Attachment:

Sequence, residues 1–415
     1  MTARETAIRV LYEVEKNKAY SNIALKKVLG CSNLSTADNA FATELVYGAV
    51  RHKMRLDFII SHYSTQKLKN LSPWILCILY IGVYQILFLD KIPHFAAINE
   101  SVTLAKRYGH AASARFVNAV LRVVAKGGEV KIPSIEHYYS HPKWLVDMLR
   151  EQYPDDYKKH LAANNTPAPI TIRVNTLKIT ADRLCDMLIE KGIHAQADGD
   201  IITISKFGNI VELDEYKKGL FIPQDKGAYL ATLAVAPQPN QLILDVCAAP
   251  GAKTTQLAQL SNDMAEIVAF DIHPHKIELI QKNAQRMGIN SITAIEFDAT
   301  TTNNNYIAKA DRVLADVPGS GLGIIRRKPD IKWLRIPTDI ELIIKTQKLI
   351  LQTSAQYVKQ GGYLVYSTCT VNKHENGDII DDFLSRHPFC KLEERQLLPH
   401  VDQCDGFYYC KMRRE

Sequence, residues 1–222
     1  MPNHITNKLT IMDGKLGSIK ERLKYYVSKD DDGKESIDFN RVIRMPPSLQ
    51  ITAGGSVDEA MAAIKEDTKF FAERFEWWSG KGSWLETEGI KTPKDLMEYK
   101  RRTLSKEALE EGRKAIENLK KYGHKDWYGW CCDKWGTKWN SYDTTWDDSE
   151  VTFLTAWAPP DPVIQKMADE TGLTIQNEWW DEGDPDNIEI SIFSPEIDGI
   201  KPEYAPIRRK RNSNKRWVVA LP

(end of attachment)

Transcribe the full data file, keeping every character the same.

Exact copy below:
Sequence, residues 1–415
     1  MTARETAIRV LYEVEKNKAY SNIALKKVLG CSNLSTADNA FATELVYGAV
    51  RHKMRLDFII SHYSTQKLKN LSPWILCILY IGVYQILFLD KIPHFAAINE
   101  SVTLAKRYGH AASARFVNAV LRVVAKGGEV KIPSIEHYYS HPKWLVDMLR
   151  EQYPDDYKKH LAANNTPAPI TIRVNTLKIT ADRLCDMLIE KGIHAQADGD
   201  IITISKFGNI VELDEYKKGL FIPQDKGAYL ATLAVAPQPN QLILDVCAAP
   251  GAKTTQLAQL SNDMAEIVAF DIHPHKIELI QKNAQRMGIN SITAIEFDAT
   301  TTNNNYIAKA DRVLADVPGS GLGIIRRKPD IKWLRIPTDI ELIIKTQKLI
   351  LQTSAQYVKQ GGYLVYSTCT VNKHENGDII DDFLSRHPFC KLEERQLLPH
   401  VDQCDGFYYC KMRRE

Sequence, residues 1–222
     1  MPNHITNKLT IMDGKLGSIK ERLKYYVSKD DDGKESIDFN RVIRMPPSLQ
    51  ITAGGSVDEA MAAIKEDTKF FAERFEWWSG KGSWLETEGI KTPKDLMEYK
   101  RRTLSKEALE EGRKAIENLK KYGHKDWYGW CCDKWGTKWN SYDTTWDDSE
   151  VTFLTAWAPP DPVIQKMADE TGLTIQNEWW DEGDPDNIEI SIFSPEIDGI
   201  KPEYAPIRRK RNSNKRWVVA LP